Just wondering if anyone had any tips, hints, or ideas?

    Thanks!

    #53741
    IceFire
    Moderator

    Legacy,

    What was the problem with the potatoes? Too few? Too small? None at all? Did some of the underground varmints get to them? If it’s varmints, then lay down chicken wire first, then your first tire, and add the soil. What is your soil composition like? Is it sandy, heavy clay, loamy, etc. Have you done a soil test to check your nutrient and pH levels? there are so many variables, that we need some more information to try and help you resolve the issue.

    #53742
    kymber
    Member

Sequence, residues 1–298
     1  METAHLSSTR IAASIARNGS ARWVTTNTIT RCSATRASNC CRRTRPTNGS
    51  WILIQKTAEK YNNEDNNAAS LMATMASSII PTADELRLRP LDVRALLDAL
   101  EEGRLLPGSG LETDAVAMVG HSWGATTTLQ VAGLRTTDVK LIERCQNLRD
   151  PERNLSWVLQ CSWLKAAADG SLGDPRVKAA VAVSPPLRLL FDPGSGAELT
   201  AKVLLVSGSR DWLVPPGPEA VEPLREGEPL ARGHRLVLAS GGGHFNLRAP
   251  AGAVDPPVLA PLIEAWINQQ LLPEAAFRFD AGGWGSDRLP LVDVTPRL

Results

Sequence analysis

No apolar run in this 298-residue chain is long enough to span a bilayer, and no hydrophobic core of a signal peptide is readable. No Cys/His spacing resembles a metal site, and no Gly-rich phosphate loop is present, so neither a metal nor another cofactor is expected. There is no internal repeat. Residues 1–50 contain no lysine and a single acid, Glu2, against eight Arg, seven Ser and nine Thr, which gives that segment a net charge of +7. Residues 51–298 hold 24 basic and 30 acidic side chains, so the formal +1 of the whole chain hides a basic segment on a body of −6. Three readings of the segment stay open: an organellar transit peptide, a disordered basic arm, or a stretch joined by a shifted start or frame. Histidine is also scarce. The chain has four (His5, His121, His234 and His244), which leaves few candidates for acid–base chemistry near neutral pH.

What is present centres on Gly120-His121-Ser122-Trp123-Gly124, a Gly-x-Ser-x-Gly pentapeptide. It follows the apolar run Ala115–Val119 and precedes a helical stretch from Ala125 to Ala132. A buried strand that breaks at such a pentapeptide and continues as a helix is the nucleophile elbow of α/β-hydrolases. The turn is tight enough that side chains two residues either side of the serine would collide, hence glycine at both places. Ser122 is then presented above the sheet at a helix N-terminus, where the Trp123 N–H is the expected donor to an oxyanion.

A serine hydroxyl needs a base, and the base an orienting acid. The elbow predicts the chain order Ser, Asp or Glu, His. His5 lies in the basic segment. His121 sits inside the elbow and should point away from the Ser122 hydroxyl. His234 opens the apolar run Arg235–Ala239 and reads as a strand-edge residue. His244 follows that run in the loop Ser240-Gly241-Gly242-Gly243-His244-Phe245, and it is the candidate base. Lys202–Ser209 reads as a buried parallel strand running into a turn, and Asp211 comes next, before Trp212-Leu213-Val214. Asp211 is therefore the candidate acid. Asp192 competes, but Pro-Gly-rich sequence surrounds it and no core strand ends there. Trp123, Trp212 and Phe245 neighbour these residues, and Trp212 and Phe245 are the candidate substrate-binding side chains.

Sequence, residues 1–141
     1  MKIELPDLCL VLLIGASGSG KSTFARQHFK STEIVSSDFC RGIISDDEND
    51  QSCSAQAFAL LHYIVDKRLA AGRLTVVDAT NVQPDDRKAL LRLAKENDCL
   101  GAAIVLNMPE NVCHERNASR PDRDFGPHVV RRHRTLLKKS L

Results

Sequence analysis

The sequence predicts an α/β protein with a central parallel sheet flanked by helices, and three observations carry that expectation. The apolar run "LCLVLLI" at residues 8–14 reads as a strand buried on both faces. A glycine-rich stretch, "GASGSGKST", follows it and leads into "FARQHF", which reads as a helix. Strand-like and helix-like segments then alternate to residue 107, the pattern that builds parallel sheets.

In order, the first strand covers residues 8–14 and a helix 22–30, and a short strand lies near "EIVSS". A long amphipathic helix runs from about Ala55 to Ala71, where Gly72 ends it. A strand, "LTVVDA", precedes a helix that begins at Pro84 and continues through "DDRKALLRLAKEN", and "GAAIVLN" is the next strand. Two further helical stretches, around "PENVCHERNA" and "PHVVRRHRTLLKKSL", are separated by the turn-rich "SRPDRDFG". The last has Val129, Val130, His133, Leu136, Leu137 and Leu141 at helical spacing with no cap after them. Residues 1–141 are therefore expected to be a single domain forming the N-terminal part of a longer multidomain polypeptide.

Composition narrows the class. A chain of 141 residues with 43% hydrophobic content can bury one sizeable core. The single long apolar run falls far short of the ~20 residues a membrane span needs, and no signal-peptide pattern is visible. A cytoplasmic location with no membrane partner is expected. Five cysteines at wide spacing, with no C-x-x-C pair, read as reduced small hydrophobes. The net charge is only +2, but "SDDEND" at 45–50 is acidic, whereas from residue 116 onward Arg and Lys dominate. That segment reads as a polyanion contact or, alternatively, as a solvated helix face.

Legacy…growing potatoes in tire stacks is incredibly simple and easy…if you know all of the tricks! and trust me – i learned from making mistakes – it’s the only way to learn for real! but read through the links i provided…they are detailed and provide pics! last year i did 14 tires and stacked each of the 14 four-high! we got a yield of about 120lbs of potatoes….and for about $20 bucks for potatoe seed…that’s a pretty good investment!

    simply put…you have to ensure that you collar your potatoes (“hill them” is the traditional garden way)….what this means is…when the potatoe plants are about 6 inches above the rim of the tire – you have to add another tire and more dirt. in my experience, collaring them is incredibly important to a successful yield.

    and IceFire is right…we need more info before we can properly help you!

    #53743
    Legacy
    Member

    oh yikes… I KNEW I should have included more info. I was in a big ol’ hurry, and frankly, I’m not used to someone actually potentially having an answer. 😆 I’ll answer within your quotes in another color.

    @IceFire wrote:

    Legacy,